Article III, Section 1:
The judicial Power of the United States, shall be vested in one supreme Court, and in such inferior Courts as the Congress may from time to time ordain and establish. The Judges, both of the supreme and inferior Courts, shall hold their Offices during good Behaviour, and shall, at stated Times, receive for their Services, a Compensation, which shall not be diminished during their Continuance in Office.
As judicial power is the authority to render dispositive judgments, Congress violates the separation of powers when it purports to alter final judgments of Article III courts.1 One such instance arose when the Court unexpectedly recognized a statute of limitations for certain securities actions that was shorter than what had been recognized in many jurisdictions, resulting in the dismissal of several suits, which then become final because they were not appealed. Congress subsequently enacted a statute that, though not changing the limitations period prospectively, retroactively extended the time for suits that had been dismissed and provided for the reopening of these final judgments. In Plaut v. Spendthrift Farm, Inc.,2 the Court invalidated the statute, holding it impermissible for Congress to disturb a final judgment.
Having achieved finality, . . . a judicial decision becomes the last word of the judicial department with regard to a particular case or controversy, and Congress may not declare by retroactive legislation that the law applicable to that very case was something other than what the courts said it was.3 In Miller v. French,4 by contrast, the Court ruled that the Prison Litigation Reform Act's automatic stay of ongoing injunctions remedying violations of prisoners' rights did not amount to an unconstitutional legislative revision of a final judgment. Rather, the automatic stay merely altered
the prospective effect of injunctions, and it is well established that such prospective relief
remains subject to alteration due to changes in the underlying law.5
Since 1792, the federal courts have emphasized finality of judgment as an essential attribute of judicial power. In that year, Congress authorized Revolutionary War veterans to file pension claims in circuit courts of the United States, directed the judges to certify to the Secretary of War the degree of a claimant's disability and their opinion with regard to the proper percentage of monthly pay to be awarded, but empowered the Secretary to withhold judicially certified claimants from the pension list if he suspected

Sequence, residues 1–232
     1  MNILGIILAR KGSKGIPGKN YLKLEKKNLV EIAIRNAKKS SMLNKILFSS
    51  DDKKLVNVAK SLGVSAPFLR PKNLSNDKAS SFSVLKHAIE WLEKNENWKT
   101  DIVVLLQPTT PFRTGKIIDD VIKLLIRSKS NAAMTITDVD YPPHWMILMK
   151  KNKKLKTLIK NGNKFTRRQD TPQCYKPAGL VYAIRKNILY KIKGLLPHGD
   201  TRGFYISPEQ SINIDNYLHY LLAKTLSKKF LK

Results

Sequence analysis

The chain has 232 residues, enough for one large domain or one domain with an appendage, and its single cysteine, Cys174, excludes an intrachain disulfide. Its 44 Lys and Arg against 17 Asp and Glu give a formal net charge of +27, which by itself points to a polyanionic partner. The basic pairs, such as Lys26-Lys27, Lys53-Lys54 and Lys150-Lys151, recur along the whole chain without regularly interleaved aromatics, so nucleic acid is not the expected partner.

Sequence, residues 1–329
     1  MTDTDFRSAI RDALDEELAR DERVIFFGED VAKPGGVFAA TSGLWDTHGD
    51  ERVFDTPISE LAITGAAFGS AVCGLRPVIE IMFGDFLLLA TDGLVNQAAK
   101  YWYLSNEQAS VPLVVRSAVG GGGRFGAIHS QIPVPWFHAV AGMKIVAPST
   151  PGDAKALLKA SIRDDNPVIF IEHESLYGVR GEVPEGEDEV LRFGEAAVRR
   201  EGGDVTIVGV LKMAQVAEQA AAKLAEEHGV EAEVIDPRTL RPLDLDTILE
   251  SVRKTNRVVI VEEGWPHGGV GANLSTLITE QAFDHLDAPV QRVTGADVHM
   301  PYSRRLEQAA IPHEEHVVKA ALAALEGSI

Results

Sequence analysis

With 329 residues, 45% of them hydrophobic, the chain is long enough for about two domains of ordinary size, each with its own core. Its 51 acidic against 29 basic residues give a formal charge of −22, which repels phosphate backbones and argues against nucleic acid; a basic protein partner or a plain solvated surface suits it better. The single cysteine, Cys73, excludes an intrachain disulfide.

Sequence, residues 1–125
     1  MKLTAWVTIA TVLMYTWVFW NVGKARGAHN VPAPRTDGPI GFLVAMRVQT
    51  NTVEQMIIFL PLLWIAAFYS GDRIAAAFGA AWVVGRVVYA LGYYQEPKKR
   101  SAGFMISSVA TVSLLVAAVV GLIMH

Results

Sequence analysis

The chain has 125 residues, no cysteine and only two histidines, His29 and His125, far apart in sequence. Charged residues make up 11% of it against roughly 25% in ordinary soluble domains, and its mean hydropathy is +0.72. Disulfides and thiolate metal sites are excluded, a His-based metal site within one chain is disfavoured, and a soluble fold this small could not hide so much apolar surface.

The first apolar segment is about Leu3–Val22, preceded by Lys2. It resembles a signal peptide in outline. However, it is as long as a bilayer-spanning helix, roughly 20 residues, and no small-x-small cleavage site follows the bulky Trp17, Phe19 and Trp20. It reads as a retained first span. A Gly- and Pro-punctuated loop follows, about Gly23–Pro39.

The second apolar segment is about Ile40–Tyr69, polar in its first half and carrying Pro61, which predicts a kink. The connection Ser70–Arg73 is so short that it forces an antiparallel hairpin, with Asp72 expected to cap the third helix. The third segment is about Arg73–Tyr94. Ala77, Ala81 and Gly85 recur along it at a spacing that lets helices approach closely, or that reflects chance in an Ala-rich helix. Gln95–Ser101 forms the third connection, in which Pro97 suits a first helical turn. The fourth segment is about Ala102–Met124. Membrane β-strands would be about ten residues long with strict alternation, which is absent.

imposition or mistake.6 The Justices then on circuit almost immediately forwarded objections to the President, contending that the statute was unconstitutional because the judicial power was constitutionally committed to the judicial department, the duties imposed by the act were not judicial, and the subjection of a court's opinions to revision or control by an officer of the executive or the legislature was not authorized by the Constitution.7
Attorney General Randolph, upon the refusal of the circuit courts to act under the new statute, filed a motion for mandamus in the Supreme Court to direct the Circuit Court in Pennsylvania to proceed on a petition filed by one Hayburn seeking a pension. Although the Court heard argument, it put off decision until the next term, presumably because Congress was already acting to delete the objectionable features of the act. Upon enactment of the new law, the Court dismissed the action.8 Although the Court's opinion contained little analysis, Hayburn's Case has since been cited by the Court to reject efforts to give it and the lower federal courts jurisdiction over cases in which judgment would be subject to executive or legislative revision.9 Thus, in a 1948 case, the Court held that an order of the Civil Aeronautics Board denying to a citizen air carrier a certificate of convenience and necessity for an overseas and foreign air route was, despite statutory language to the contrary, not reviewable by the courts. Because Congress had also deemed such an order subject to discretionary review and revision by the President, the lower court found, and the Supreme Court affirmed, that the courts did not have the authority to review the President's decision. While the lower Court had then attempted to reconcile the statutory scheme by permitting presidential review of the order after judicial review, the Court rejected this interpretation.
[I]f the President may completely disregard the judgment of the court, it would be only because it is one the courts were not authorized to render. Judgments within the powers vested in courts by the Judiciary Article of the Constitution may not lawfully be revised, overturned or refused faith and credit by another Department of Government.10